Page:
Last year, Jock Club just released his first piece of wax called After Hours on 540 Records, though he has roughly a dozen or so releases on tape and CD-R. They're all worth hearing. He's got more planned down the pipe, but I'll let him take over from here.

Jordan Reyes: I read the interview you did for Noisey back in December and I remember you saying you had studied classical and jazz music in school. I don't hear too many cats saying they studied music in the DIY circuit. Do you think it's been important to you? Are you happy to have studied it?

Andrew Flores: Yeah! I think it was immensely important to my musical evolution. Jazz music is really all about the study of improvisation; creating something meaningful out of complete nothingness. That is a very valuable thing. The art of thinking on your feet. I also observed the hive-mind relationship between myself and other musicians. Rhythmic communication through sounds. I apply this to my everyday life; very important to me in producing Jock Club music or DJ’ing.

JR: Destruction Unit and Jock Club are pretty different entities, but do you think that the drumming that you do for DU informs your music as Jock Club?

AF: Definitely 100% without a doubt. Rhythm is everything for me. House / Techno music is really all about the drums; if club music doesn't groove in a certain way, I almost want nothing to do with it.

JR: You’ve been making music as Jock Club for a few years now. Has the equipment you use to make music changed at all since you begun?

AF: In those few years, I've grown and evolved as a person. I can say no one ever stays the same. Music especially is always changing so yeah the equipment I've used has changed along with my style. 

JR: What about the method? Is there anything you do to get into the headspace of making new music now that you've gotten more comfortable with it?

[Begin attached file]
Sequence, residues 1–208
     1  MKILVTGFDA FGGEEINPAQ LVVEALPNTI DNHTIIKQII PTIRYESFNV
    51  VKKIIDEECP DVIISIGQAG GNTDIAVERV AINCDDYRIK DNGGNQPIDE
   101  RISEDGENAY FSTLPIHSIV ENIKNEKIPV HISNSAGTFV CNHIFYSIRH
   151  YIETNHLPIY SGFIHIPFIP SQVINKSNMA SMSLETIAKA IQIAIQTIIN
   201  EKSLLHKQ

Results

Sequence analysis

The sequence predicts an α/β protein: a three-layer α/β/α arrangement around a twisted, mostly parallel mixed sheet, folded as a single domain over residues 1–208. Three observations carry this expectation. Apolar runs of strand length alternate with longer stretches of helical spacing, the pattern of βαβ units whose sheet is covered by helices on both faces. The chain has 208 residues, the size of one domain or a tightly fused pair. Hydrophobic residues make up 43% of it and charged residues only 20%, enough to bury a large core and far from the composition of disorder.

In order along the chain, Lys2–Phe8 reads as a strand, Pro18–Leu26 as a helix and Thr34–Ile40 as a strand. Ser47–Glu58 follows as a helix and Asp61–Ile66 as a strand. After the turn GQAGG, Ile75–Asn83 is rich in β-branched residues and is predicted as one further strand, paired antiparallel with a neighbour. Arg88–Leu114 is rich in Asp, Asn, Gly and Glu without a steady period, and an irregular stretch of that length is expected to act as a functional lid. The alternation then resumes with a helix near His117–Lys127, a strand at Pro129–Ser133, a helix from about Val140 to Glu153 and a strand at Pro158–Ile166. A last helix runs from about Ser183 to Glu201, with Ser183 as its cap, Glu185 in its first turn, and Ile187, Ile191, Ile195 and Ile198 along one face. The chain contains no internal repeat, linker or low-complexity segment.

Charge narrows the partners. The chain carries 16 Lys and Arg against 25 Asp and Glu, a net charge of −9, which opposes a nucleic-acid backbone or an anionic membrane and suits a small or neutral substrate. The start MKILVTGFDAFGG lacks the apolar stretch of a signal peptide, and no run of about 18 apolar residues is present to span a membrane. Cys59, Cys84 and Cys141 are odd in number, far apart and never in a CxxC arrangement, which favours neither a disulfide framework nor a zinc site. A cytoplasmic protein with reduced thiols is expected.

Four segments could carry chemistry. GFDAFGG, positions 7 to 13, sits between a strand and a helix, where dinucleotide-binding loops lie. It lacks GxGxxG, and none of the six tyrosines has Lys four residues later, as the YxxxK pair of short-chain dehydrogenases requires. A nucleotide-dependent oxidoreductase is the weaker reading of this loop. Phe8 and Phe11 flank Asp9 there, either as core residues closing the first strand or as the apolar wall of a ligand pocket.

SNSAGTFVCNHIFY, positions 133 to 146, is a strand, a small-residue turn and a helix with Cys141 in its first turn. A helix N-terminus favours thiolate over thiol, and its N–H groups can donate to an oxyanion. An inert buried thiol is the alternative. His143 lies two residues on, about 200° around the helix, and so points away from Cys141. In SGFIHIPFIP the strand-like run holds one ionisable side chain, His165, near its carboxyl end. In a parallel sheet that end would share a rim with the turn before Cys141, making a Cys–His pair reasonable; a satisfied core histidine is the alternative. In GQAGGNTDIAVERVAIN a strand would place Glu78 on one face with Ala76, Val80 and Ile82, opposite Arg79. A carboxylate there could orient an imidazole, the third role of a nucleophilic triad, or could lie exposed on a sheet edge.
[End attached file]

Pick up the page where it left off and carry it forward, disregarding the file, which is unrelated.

AF: Now more than ever I've been finding new methods to create music with. I really enjoy the idea of taking a sound from an unconventional source; creating a sculpture out of sounds from all over the place. And I don't ever set out to make "the best track ever" I'm trying to document every part of my life. Through music, you can create a timeline of life events, interests, and struggles. I try to stay true to my interests, I like music to have that raw, unmastered, damaged, 'out-the-bedroom' kind of vibe.

JR: You got to release your first Jock Club record on wax last year - the stellar "After Hours" 12" on 540 - why did you decide to put it out on vinyl rather than a tape or CD-R?

AF: I really like putting out tapes and CDs because it is super low profile and easy to produce. Some of my finest moments are on cassette. But as a lover of House and Techno I've always wanted to put out some tracks on vinyl. For the past few years i've been friends with Timmy from 540 in Austin and when he reached out and wanted to put something out, I was like "Hell yeah, lets do it!" I was also pretty intrigued in the fact that I would be releasing a record on a predominantly punk label